In the era of 'global boiling' a lion cut for a Maine Coon is on the cards

Pretty Maine Coon with lion cut
Pretty Maine Coon with lion cut. Image in the public domain.

Antonio Guterres, the UN Secretary General said this about global warming:

"The only surprise is the speed of the change. Climate change is here. It is terrifying. And it is just the beginning. The era of global warming has ended; the era of global boiling has arrived."

Relative to America, air conditioning is quite unusual in most of Europe. The Washington Post recently reported that only 20% of European homes have air conditioning, and it's rare to find it in schools or offices. I've argued that in some American states such as Texas it would be unfair to have a Maine Coon as it'd be too hot.

There are many Maine Coon cats in Europe. And further, July is "virtually certain" to be the hottest month on record globally by a significant margin, the United Nations and a European science agency have said.

July's first 23 days averaged a record 16.95°C globally.

You might have read about the wildfires in Greece and there have been heatwaves across large parts of China, Europe and North America. All the climate monitoring agencies state that although July is not over it is likely almost certain to be the hottest month yet recorded. They say that this would not have happened but for global warming.

Of course, there are various factors which accounts for this hottest July on record but the underlying factor which magnifies the effect of the other factors is climate change.

The Maine Coon cat is a semi-longhaired cat. It is a very popular cat breeders we know. And we must mention the 10% of domestic cats who are non-purebred who are also longhaired cats. All of these cats living in homes without air conditioning are going to be in some difficulty if the temperature outside reaches the high 40s which it is, for example, on the Greek island of Skyros where a record 44°C was achieved.

Long-haired cats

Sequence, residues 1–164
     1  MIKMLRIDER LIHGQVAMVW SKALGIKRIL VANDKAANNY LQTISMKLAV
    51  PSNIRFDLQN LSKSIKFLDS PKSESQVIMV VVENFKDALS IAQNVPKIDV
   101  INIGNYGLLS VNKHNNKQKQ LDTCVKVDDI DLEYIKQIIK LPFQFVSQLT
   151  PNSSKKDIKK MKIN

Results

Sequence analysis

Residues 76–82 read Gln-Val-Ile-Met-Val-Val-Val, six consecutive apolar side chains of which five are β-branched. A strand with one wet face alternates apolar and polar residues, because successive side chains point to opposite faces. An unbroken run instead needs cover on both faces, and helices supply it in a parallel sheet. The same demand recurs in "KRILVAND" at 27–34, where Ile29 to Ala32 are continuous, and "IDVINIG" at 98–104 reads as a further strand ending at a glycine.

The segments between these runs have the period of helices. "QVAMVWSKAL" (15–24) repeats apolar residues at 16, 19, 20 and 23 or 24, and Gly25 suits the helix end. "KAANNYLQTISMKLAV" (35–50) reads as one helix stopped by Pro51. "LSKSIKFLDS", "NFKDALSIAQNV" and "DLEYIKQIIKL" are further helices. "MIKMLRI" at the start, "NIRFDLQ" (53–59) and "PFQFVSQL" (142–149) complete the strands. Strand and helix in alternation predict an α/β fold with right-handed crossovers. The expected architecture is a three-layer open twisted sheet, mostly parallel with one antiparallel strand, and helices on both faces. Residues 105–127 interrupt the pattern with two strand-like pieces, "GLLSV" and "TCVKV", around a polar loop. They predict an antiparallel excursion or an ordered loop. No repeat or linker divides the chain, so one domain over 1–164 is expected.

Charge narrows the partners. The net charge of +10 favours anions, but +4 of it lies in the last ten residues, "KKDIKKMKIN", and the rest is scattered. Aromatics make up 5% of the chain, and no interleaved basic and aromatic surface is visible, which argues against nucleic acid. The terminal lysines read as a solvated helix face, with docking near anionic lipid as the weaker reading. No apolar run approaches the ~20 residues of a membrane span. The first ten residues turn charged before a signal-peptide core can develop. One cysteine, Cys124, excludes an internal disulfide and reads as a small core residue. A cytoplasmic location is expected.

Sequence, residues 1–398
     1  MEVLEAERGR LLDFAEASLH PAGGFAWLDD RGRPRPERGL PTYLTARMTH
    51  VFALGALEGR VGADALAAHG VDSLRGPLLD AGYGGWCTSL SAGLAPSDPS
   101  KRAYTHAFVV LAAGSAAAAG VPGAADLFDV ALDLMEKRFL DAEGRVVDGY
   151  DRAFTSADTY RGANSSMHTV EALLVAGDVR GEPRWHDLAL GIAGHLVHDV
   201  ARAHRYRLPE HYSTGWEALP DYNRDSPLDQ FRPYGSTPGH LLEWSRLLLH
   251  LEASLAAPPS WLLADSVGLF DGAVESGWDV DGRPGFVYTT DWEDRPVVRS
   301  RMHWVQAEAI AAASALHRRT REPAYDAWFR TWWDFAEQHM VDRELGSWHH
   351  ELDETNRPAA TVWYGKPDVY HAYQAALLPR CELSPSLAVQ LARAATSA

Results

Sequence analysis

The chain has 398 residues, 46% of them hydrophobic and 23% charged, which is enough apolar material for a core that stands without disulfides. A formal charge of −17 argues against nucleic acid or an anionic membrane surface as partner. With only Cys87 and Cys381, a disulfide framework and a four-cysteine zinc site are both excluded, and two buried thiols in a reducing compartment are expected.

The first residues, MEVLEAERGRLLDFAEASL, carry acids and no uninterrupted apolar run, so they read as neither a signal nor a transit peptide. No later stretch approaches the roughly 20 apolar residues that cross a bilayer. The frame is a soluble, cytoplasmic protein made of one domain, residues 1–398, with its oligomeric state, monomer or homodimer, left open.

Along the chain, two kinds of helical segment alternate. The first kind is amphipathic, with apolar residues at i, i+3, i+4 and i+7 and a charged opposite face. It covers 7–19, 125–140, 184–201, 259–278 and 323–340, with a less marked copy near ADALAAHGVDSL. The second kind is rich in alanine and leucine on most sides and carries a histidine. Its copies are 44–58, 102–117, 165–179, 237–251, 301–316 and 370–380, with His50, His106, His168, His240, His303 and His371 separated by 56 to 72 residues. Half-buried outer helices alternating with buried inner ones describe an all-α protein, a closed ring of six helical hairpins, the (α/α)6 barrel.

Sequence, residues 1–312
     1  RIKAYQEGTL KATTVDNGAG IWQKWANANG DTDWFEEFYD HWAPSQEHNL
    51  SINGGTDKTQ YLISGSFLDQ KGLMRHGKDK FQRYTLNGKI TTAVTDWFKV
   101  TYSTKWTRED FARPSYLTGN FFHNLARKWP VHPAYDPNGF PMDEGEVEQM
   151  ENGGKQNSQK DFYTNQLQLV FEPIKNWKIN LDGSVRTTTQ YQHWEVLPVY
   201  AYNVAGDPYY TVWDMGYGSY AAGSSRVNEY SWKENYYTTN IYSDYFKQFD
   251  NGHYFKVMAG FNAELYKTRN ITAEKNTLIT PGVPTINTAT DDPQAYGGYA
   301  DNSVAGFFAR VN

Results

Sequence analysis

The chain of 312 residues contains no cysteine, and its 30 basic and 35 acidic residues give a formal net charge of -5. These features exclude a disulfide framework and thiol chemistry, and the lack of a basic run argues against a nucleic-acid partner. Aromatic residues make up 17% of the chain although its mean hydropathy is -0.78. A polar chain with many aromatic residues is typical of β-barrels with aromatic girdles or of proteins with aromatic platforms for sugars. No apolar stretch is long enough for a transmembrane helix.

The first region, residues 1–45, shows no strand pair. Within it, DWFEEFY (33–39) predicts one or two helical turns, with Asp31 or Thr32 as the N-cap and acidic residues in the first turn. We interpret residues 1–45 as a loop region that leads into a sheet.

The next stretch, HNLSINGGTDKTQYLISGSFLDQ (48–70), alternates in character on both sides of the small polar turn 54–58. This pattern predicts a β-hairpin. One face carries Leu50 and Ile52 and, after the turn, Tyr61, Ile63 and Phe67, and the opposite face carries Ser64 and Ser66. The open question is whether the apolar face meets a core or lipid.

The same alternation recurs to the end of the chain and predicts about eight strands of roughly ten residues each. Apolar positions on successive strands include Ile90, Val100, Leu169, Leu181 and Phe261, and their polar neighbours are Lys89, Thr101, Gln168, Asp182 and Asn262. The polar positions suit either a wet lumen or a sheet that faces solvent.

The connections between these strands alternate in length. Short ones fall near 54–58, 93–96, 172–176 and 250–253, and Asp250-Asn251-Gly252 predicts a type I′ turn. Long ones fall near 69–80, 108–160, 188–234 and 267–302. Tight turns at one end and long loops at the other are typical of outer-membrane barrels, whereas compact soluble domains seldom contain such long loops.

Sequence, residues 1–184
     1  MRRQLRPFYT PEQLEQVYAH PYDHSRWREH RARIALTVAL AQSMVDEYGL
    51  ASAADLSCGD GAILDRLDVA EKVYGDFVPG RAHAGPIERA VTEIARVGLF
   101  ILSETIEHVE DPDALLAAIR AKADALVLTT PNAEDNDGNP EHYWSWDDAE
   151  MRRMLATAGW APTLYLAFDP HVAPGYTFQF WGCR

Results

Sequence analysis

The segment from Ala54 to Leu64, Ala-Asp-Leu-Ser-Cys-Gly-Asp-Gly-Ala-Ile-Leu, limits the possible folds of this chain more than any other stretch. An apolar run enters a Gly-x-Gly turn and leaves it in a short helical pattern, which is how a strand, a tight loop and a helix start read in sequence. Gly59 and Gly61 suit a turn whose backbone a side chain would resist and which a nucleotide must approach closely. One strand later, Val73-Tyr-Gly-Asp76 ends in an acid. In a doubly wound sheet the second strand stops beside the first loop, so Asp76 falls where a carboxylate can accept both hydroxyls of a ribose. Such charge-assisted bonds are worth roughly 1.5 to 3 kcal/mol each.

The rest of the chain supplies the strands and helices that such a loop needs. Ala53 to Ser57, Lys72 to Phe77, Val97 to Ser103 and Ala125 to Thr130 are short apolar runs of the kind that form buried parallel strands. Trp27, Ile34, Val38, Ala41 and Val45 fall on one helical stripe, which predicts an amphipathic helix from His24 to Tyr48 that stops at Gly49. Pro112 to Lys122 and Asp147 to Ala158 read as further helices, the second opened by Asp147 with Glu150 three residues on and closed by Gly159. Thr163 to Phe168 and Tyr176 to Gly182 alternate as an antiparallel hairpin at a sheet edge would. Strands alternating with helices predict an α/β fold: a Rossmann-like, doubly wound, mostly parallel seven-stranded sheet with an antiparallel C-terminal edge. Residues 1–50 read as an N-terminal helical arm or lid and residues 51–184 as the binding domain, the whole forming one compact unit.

All longhaired and medium-longhaired domestic cats whether they be purebred or non-purebred have origins in various places and one theory is that the Vikings brought them to Scandinavia centuries ago. They were first imported into Europe perhaps from Turkey. 

At one stage, in the early years of the cat fancy, the founder of the cat fancy, Harrison Weir, and the organiser of the first cat show in 1871, said that, "40 or 50 years ago they used all to be called French cats, as they were mostly imported from Paris" in respect of long-haired cats.

Back in those days, there were several varieties from: Russia, the Angora, the Persian and Indian. The Angora came from Turkey. To that list, you can include longhaired cats from China.

But they were all developed or evolved at a time when the planet was cooler. And they perhaps evolved in places within those regions that were cooler because of the elevation above sea level.

The temperatures this July globally are likely to be about 1.5°C warmer than pre-industrial levels.

Lion cut

Some people question whether it is wise and sensible or even cruel to give a Maine Coon cat a 'lion cut' as they are called. This means shaving the hair down to the skin except for the tail, neck and head areas and the paws. I've decided that if it can be done without anaesthetic (which is inherently dangerous to health) then it is a good idea to help keep a Maine Coon cat cool during these boiling days.

RELATED: Longhaired domestic cats become more active and happier after a lion cut.

Administering a general anaesthetic to a Maine Coon cat in order to achieve a lion cut is, I would strongly argue, unwise because there is, on my research, upwards of a one in 400 chance of the anaesthetic harming a domestic cat. 

RELATED: The lion cut: no, it’s not cruel.

There has to be a sufficient reward to the cat when putting them under a general anaesthetic and that would mean an operation and perhaps, on some occasions, to clean their teeth which also requires a general anaesthetic.

RELATED: Cat lion cut – do some cats really like it?


It is ironic that people love the Maine Coon partly because of their glorious coat but we have to shave it all off in hot climates thanks to global warming.

P.S. Of course, what I have said her applies equally to all long-haired non-purebred cats.


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